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State Insurance Commissioners to Vote Thursday, Send Recommendations to HHS

Washington, DC – As the insurance industry lobbies state insurance commissioners in Orlando to weaken modest regulations on health insurance premiums, Consumer Watchdog’s leaders reiterated their call for President Obama to place a moratorium on premium increases, articulated this week in a Los Angeles Times op-ed.

State Insurance Commissioners to Vote Thursday, Send Recommendations to HHS

Washington, DC – As the insurance industry lobbies state insurance commissioners in Orlando to weaken modest regulations on health insurance premiums, Consumer Watchdog’s leaders reiterated their call for President Obama to place a moratorium on premium increases, articulated this week in a Los Angeles Times op-ed.   
 
“Health insurance companies have declared war on President Obama's healthcare plan,” argues Consumer Watchdog President Jamie Court, author of  “The Progressive’s Guide To Raising Hell.”  “The struggling middle class cannot afford more double-digit premium hikes, and federal law says we are owed an explanation before having to pay them. Obama should forbid premium hikes until the companies comply with pricing provisions of the new federal law.”
 
Read the Los Angeles Times op-ed calling for an executive order freezing rates: http://www.consumerwatchdog.org/patients/articles/?storyId=36580

On Thursday, the National Association of Insurance Commissioners is expected to take a final vote on new health reform rules requiring insurers to spend at least 80-85% of consumers’ premiums on health care. State regulators continue to discuss how much information health insurance companies must disclose about unreasonable premium increases.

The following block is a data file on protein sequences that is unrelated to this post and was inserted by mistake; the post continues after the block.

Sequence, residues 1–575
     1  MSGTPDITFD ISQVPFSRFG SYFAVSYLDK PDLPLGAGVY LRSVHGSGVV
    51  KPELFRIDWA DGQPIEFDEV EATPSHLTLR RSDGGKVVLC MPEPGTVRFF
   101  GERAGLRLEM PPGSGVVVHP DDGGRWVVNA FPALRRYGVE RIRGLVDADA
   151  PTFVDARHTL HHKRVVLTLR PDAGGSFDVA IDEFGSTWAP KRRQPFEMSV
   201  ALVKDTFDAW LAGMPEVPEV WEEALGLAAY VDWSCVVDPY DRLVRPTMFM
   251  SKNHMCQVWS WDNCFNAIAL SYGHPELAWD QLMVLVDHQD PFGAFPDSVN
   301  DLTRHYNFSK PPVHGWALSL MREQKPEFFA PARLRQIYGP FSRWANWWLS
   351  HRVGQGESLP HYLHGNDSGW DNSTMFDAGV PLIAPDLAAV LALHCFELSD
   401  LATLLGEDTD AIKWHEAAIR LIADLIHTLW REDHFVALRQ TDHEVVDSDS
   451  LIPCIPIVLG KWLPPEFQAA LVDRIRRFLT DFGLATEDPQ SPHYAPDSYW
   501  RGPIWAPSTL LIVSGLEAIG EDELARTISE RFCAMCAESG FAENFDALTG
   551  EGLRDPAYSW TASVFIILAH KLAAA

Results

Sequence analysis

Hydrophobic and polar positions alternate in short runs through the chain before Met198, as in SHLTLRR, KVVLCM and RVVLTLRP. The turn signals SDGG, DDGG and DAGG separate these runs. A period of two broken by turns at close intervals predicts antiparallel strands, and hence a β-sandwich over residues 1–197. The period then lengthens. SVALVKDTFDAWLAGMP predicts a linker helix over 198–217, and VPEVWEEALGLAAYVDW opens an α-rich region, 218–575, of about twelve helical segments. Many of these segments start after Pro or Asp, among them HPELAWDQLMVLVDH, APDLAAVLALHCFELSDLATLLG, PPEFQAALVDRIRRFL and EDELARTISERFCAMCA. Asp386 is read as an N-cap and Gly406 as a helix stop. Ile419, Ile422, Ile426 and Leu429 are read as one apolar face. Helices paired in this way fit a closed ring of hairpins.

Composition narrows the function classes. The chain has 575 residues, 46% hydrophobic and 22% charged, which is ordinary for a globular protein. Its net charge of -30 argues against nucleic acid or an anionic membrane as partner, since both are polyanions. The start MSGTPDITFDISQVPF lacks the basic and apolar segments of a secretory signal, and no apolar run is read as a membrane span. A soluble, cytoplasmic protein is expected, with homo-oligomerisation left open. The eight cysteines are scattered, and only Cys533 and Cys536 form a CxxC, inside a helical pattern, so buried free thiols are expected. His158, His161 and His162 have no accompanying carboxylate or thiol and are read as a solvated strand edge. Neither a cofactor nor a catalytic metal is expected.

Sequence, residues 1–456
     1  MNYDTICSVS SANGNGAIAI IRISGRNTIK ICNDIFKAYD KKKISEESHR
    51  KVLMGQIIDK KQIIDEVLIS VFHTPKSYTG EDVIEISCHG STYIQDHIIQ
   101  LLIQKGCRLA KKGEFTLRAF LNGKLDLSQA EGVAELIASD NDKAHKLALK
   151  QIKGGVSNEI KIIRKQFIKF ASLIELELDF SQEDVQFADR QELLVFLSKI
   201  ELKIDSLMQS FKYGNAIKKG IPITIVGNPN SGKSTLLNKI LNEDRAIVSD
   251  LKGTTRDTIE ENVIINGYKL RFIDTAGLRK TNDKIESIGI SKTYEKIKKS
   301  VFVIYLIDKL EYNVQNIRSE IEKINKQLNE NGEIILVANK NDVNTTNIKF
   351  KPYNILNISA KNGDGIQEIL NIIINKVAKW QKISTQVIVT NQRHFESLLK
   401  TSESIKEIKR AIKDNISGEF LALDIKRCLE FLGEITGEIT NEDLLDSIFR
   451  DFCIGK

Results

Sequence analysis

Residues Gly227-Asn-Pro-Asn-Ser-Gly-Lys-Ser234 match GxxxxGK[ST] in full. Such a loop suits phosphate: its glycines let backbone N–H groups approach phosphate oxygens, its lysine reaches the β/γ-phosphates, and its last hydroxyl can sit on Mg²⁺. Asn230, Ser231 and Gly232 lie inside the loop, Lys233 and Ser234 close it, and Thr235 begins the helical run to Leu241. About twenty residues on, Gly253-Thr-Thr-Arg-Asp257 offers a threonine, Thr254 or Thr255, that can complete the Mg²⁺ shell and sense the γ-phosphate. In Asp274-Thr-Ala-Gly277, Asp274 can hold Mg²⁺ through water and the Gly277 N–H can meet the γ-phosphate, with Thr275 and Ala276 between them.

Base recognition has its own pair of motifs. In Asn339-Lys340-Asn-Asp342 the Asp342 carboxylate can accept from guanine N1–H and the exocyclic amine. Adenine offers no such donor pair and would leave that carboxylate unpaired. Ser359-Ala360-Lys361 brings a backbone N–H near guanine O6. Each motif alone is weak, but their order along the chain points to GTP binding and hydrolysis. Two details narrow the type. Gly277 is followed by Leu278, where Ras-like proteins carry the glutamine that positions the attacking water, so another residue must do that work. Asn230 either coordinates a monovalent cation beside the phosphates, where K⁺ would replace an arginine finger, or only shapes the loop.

The insurance industry is pushing a series of last-minute amendments at the meeting of the National Association of Insurance Commissioners this week that would weaken regulation under the health reform law, including measures that would allow them to:
 
- Maintain low spending on health care in some states if they spend a higher percentage in other states. This "aggregation" of medical spending across states will nullify the new medical spending rules for the very consumers they are meant to help - those whose insurance plans spend too much on administration and profits.  
 
- Artificially boost the amount that insurers report spending on medical care. “Credibility” adjustments are meant to account for fluctuations in health care spending for plans with fewer customers by increasing the reported medical loss ratio. Insurance companies’ proposal could allow insurers to get away with intentionally low medical spending, said Consumer Watchdog
 
- Falsely identify administrative costs – including broker commissions, fraud prevention, claims handling and denials – as medical spending.  
 
Public scrutiny of unreasonable premiums is the health reform law’s only check on rate increases. However, because regulations are still being written, insurance companies are not currently justifying unreasonable increases. President Obama has the obligation to issue an Executive Order freezing premiums until insurers begin complying with the law, said Consumer Watchdog.
 
“Insurance commissioners have a choice. Send the current modest version of medical spending regulations to HHS, or give insurers free rein to continue spending too much money on bloated profits and paper-pushers and not enough on actual health care,” said Carmen Balber, Washington DC director for Consumer Watchdog. “In the meantime, insurers rush to raise premiums now just in case they have to rein in spending tomorrow. President Obama has the power to protect consumers from arbitrary price hikes by freezing premiums until insurers explain how they’re spent in the full light of day.”
 
Insurance companies have lobbied to limit the information made public in the rate justification considered by state regulators today. Consumer Watchdog argued for more disclosure to explain how insurers spend customer premiums, including:
 
- Lobbying expenditures and campaign contributions;
- Advertising and marketing expenditures; and
- Transactions and transfers of funds to affiliates.
 
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